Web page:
Long time readers of this blog might remember when I wrote about Mark Horvath of Invisible People, the homeless man who leveraged YouTube into a way not only out of his plight but also a way to help others amongst the growing ranks of America’s homeless.
Giselle Smith of MSN Money brings us news of another homeless person, a woman this time, who is finding online celebrity in a similar fashion:
Losing her job, getting divorced and a number of health issues caused AnnMarie Walsh to become homeless five years ago, but she found her voice — and a community — on social media.
The 41-year-old suburban Chicago woman slept in an alley when she couldn’t get into a shelter and wrote about her experiences as “PadsChicago” on Twitter, Facebook, YouTube and a WordPress blog, mostly using free Internet service through the Arlington Heights Memorial Library or a prepaid hand-me-down cellphone.
Her goal was not to complain about her plight, but to help people understand homelessness better.
Walsh’s activity on social media eventually helped her find a social worker that could assist with transitional housing. It also got her noticed by Horvath who helped to amplify her signal. First he introduced her to a team of documentarians working on a film called “Twittamentary.” He also helped bring her to the attention of the 140 Character Conference (named for the limited length of Twitter messages).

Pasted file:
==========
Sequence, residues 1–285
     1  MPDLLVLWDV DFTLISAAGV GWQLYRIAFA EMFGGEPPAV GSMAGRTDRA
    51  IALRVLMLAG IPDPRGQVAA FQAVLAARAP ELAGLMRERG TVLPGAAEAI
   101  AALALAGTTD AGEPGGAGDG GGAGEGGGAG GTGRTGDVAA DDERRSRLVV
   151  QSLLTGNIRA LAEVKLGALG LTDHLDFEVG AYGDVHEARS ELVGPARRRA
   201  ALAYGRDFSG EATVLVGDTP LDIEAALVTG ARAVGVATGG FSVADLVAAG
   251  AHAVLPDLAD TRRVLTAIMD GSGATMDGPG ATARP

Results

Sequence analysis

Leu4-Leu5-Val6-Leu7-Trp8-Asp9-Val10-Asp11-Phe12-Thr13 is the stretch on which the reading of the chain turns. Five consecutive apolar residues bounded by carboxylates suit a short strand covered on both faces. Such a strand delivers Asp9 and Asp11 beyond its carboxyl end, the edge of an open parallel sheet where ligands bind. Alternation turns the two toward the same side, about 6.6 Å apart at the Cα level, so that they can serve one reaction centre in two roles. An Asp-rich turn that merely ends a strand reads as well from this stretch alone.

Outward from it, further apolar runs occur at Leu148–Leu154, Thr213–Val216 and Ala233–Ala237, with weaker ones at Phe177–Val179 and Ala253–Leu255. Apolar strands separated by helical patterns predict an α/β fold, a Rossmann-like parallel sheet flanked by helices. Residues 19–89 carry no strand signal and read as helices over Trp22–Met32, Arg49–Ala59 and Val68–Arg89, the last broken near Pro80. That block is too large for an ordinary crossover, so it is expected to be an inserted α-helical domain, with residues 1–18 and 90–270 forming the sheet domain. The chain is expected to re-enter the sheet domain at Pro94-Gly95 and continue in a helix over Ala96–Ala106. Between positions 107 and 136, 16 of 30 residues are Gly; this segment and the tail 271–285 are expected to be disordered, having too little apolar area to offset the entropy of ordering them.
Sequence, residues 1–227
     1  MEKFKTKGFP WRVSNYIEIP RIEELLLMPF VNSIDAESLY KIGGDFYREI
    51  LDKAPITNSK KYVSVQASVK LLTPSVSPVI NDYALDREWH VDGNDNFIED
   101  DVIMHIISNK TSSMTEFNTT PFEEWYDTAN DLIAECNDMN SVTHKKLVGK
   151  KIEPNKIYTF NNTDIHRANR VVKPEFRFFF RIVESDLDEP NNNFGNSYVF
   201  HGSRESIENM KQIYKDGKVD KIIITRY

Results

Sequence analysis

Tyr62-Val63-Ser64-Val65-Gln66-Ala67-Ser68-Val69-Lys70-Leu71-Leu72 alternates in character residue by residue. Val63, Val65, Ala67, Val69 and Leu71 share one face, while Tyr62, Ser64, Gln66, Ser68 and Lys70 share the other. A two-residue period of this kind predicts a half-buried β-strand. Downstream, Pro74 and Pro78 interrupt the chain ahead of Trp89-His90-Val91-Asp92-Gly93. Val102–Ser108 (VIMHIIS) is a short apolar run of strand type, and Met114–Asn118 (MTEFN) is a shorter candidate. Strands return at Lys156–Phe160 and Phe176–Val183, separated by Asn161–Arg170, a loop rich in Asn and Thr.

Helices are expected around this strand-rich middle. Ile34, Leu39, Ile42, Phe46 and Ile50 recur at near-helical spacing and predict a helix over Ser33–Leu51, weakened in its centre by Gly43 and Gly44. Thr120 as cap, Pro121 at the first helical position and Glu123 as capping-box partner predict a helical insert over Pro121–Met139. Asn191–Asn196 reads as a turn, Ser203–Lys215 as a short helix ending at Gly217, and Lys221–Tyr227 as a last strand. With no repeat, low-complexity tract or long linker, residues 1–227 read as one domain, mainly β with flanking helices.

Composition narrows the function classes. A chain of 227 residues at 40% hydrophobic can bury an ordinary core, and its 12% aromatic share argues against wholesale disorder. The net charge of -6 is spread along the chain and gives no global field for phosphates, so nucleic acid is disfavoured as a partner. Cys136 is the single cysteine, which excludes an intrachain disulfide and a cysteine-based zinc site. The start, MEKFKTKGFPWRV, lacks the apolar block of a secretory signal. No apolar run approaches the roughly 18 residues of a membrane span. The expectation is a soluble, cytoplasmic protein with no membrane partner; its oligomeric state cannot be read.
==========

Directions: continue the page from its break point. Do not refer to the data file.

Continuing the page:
She appeared on stage with Horvath at the conference without telling anyone she was homeless. When she did the reactions were potent:
‘It was very powerful,’ Horvath told the Daily Herald. ‘Most people would not roll down their windows on the exit ramp to ask homeless people their stories. This changed people’s paradigm.’
This demonstrates two important things that are often lost on most people:
- The perceived stereotype of the homeless is often inaccurate, especially during times of economic duress such as we have experienced for the past three years.
- The power of social media to shine a spotlight on issues such as homelessness. As access becomes more readily available even the homeless have an avenue through which to share their stories.